0-10V versus 4-20 mA: Why Do We Prefer the 4-20 mA System?


In the world of linear position sensors, analog reigns supreme.  Sure there are all kinds of other sensor interface types available; digital start/stop, synchronous serial interface, various flavors of fieldbus, and so on.  But linear position sensors with analog outputs still account for probably two-thirds of all linear position sensors sold.

When choosing an analog-output position sensor, your choice generally comes down to analog voltage (e.g., 0 to 10 V), or analog current (e.g., 4 to 20 mA).  So which should you choose?

0-10V versus 4-20 mA

When it comes to sensor interface signals, 0-10V is like vanilla ice cream or, if you prefer, a Chevy Cavalier.  It’s nothing fancy, but it gets the job done.  It’s common, it’s straightforward, it’s easy to troubleshoot, and nearly every industrial controller on the planet will accept a 0-10V sensor signal.  However, there are some downsides.  All analog signals are susceptible to electrical interference, and a 0-10V signal is certainly no exception.  Devices such as motors, relays, and “noisy” power supplies can induce voltages onto signal lines that can degrade the 0-10V sensor signal.  Also, a 0-10V signal is susceptible to voltage drops caused by wire resistance, especially over long cable runs.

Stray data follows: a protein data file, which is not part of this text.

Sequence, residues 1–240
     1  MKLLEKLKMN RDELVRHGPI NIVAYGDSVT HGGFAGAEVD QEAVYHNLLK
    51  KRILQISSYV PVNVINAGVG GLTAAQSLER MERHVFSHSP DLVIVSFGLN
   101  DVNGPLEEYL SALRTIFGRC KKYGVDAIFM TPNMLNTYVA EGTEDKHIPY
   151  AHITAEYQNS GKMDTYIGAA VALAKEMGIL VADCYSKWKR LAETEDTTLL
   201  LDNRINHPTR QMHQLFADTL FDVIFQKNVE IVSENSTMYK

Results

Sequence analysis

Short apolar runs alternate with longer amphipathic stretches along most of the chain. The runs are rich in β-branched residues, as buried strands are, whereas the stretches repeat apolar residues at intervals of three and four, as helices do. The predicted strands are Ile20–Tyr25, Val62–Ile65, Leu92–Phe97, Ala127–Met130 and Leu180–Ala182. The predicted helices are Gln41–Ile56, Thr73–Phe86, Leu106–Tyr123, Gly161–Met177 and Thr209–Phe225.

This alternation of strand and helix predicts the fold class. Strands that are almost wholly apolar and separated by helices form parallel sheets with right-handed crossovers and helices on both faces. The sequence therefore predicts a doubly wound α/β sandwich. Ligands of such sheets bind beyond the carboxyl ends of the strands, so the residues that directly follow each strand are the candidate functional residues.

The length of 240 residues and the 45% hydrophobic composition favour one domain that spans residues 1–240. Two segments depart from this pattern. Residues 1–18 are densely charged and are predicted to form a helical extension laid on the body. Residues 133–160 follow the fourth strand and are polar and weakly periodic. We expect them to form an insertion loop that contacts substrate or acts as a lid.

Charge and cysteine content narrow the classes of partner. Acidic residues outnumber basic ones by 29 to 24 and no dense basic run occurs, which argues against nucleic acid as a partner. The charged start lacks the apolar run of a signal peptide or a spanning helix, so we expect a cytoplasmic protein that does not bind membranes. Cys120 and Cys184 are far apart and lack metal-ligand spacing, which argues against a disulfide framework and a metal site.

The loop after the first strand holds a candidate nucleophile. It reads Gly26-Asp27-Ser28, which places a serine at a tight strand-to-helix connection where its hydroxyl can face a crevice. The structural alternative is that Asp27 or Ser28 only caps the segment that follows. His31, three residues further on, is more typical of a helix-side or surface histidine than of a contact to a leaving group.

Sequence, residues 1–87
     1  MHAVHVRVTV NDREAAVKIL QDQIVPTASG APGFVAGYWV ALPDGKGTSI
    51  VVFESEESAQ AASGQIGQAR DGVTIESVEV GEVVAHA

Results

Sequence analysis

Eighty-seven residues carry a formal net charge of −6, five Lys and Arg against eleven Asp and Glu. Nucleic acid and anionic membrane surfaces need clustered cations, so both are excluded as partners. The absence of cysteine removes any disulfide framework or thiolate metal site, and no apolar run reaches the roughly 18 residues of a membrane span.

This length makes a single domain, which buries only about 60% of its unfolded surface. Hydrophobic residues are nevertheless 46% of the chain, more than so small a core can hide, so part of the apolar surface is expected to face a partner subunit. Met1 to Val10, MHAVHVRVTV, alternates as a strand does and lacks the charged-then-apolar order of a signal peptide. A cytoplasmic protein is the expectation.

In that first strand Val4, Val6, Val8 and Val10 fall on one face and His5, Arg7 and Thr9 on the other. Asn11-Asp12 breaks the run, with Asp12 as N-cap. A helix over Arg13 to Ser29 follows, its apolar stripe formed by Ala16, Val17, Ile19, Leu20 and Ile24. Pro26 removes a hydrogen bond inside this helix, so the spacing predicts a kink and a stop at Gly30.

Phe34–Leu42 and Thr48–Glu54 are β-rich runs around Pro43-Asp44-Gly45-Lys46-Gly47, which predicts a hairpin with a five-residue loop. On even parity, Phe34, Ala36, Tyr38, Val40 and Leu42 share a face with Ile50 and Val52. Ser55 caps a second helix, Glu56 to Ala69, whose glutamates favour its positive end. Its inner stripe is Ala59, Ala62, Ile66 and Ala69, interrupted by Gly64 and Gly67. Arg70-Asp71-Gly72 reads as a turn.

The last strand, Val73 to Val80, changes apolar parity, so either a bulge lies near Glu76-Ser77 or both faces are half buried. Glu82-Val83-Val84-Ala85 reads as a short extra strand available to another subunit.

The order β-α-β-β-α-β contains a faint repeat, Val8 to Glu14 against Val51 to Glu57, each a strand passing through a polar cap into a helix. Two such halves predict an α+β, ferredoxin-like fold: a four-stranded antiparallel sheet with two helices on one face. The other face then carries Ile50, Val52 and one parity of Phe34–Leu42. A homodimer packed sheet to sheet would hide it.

A 4-20 mA or 0-20 mA signal, on the other hand, offers increased immunity to both electrical interference and signal loss over long cable runs.  And most newer industrial controllers will accept current signals.  As an added bonus, a 4-20 mA signal provides inherent error condition detection since the signal, even at its lowest value, is still active.  Even at the extreme low end, or “zero” position, the sensor is still providing a 4 mA signal.  If the value ever goes to 0 mA, something is wrong.  The same can not be said for a 0-10V sensor.  Zero volts could mean zero position, or it could mean that your sensor has ceased to function.

In some cases, 4-20 mA sensors can be slightly more costly compared to 0-10V sensors.  But the cost difference is becoming increasingly smaller as more sensor types incorporate current-output capability.